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13. URINALYSIS (URINE ANALYSIS)

13.1. What is Urinalysis?

13.1. What is Urinalysis?


  • A urinalysis is an examination of a sample of urine that can help detect medical problems like kidney, heart and liver diseases, diabetes, and urinary tract infections years before any symptoms occur.
  • 13.2. Who should have a Urinalysis



  • Everyone should have a urinalysis as a child, and then every six months as an adult. Those with an increased risk for kidney disease must be tested for protein in their urine, which is one of the components of a urinalysis.

    Persistent protein in the urine (two positive protein tests over several weeks) is one of the earliest signs of CKD. You may increase your risk of contracting kidney disease if you:
    • have diabetes
    • have high blood pressure
    • have a family history of kidney disease, diabetes or high blood pressure
    • are obese
    • are over 50 years old
    • have kidney stone
    If any of the above risk factors apply to you, have your doctor carry out urinalysis.
  • 13.3. How is Urinalysis done?


  • Urinalysis is performed in three stages.

    In stage 1:
    Visual examination of the urine sample may detect blood, which would make the urine color darker than normal. An infection may make urine look cloudy.

    In stage 2, a dipstick examination can reveal the following:
    • Abnormal acid levels may indicate kidney stones, urinary infections, chronic kidney disease or certain disorders that affect development in children;
    • Continuous presence of protein in the urine (two positive protein tests over several weeks) indicates that the kidney's filtering system is damaged by chronic kidney disease;
    • Glucose (sugar) is usually a sign of diabetes. In children, sugar in the urine may sometimes be related to a disorder that affects growth and development;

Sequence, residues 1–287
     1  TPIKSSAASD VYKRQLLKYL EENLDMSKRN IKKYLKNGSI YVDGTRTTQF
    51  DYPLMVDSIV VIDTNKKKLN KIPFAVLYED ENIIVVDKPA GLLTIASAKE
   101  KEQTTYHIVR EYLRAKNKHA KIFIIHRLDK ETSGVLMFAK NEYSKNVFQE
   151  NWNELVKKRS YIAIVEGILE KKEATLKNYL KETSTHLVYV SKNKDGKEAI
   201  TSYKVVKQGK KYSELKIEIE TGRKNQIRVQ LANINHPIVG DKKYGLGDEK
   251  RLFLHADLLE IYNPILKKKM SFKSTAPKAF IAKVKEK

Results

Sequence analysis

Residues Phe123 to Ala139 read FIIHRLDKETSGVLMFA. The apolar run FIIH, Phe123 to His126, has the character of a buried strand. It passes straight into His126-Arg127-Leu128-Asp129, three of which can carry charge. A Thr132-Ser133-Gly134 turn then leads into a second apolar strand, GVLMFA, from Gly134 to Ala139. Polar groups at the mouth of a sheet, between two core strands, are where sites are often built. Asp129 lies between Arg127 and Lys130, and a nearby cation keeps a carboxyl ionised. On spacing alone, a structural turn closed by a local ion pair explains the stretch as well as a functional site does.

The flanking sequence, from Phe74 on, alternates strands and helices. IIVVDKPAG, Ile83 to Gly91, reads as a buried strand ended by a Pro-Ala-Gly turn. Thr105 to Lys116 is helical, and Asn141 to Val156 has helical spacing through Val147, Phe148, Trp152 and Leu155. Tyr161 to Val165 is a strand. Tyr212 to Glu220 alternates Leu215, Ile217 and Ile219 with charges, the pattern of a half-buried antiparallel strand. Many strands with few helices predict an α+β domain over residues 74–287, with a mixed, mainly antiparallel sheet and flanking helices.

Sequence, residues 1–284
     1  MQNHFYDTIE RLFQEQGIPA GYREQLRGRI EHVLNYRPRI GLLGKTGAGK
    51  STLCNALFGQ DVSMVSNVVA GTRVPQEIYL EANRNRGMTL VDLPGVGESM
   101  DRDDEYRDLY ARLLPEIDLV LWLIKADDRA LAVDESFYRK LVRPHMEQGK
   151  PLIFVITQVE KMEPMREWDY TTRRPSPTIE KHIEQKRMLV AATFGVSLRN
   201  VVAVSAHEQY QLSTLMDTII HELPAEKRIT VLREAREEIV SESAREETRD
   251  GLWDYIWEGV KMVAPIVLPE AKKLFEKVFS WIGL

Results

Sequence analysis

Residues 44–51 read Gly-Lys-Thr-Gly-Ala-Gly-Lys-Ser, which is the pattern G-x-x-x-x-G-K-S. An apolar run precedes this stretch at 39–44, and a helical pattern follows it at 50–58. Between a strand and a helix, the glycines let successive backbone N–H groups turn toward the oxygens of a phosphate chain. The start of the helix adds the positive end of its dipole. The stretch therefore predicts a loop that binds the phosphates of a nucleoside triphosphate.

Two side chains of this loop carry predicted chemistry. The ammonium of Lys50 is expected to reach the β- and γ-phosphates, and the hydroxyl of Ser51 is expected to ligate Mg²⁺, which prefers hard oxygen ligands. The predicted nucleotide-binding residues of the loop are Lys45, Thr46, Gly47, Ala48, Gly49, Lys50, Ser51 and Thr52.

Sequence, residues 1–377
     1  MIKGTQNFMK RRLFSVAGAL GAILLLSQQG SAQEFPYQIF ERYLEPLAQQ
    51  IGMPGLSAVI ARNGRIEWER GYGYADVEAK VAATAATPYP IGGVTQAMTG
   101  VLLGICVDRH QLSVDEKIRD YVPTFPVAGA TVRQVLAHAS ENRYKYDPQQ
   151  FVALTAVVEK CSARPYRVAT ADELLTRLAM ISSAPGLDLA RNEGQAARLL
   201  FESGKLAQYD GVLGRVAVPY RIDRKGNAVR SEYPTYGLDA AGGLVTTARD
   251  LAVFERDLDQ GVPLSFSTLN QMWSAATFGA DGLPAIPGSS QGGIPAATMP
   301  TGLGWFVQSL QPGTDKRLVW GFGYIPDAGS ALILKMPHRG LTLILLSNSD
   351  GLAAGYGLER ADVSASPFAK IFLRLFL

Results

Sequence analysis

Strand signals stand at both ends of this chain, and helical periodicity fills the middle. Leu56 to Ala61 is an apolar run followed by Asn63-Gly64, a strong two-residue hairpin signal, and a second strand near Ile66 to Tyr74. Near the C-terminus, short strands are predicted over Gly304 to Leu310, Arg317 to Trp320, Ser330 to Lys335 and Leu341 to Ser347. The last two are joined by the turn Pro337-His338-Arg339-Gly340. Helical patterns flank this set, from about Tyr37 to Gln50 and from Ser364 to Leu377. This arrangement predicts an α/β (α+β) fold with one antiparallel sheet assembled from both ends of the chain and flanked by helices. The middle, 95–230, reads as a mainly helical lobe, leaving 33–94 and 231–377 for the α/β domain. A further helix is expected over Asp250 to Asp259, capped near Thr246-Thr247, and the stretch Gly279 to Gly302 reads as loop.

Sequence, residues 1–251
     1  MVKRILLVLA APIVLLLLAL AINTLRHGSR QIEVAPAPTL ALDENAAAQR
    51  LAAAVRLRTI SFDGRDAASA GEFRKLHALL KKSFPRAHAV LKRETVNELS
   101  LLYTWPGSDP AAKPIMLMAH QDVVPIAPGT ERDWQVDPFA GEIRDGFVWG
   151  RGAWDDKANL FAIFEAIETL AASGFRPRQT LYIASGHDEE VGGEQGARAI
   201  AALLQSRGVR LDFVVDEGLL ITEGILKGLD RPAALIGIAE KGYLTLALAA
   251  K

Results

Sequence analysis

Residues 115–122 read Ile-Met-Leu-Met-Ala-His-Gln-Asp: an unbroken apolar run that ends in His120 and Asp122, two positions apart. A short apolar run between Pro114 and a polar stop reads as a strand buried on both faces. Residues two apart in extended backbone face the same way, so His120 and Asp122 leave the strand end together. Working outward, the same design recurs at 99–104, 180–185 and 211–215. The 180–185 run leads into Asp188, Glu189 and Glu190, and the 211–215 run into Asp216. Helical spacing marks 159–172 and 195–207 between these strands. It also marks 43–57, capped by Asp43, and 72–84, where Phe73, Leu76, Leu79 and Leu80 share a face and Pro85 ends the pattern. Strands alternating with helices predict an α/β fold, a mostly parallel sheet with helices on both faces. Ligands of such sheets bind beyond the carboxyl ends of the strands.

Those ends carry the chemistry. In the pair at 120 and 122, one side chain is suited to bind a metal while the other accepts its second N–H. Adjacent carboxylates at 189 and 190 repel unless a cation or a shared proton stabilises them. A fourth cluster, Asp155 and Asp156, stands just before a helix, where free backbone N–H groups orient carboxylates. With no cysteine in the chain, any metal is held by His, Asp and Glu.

• Bacteria and white blood cells (pus cells) indicate some form of infection. Bacteria without white blood cells can suggest vaginal or bladder disease;
    • Bilirubin, a waste product produced by the breakdown of old red blood cells is normally removed from the blood by the liver and becomes part of bile. Its presence in the urine may indicate liver disease;
    In stage 3, urinalysis includes examining a small amount of urine under a microscope. Some of the things that may be seen are:
    • Red blood cells, which may indicate damage to the filtering units of the kidneys, the effect of which causes red blood cells to leak into the urine;
    • Blood in the urine could also indicate kidney stones, infections, bladder cancer or blood disorders such as sickle cell disease;
    • White blood cells, which are signs of infection or inflammation in the kidneys, bladder or other area;
    • Bacteria, or germs, usually indicating an infection in the body;
    • Casts, which are tube-shaped forms made of protein. They may have red or white blood cells or other cells inside. Casts form in certain kidney diseases because the kidneys release a sticky type of protein that traps blood cells and other types of cells.
  • 13.4. Can taking drugs or vitamins affect the result of Urinalysis


  • Yes, taking drugs, including medications and vitamins can affect urinalysis. Vitamin C pills, antibiotics and certain drugs used to treat Parkinson's disease could cause you to have a "false" positive result, and you may need to have other tests done.
  • 13.5. How long does it take to get my results?

    13.5. How long does it take to get my results?


  • Urinalysis is a simple and cheap test. Urinalysis can be done in your doctor's clinic. The test takes about 5 to 10 minutes to complete the results can be discussed with your doctor right away. A laboratory can also conduct urinalysis.
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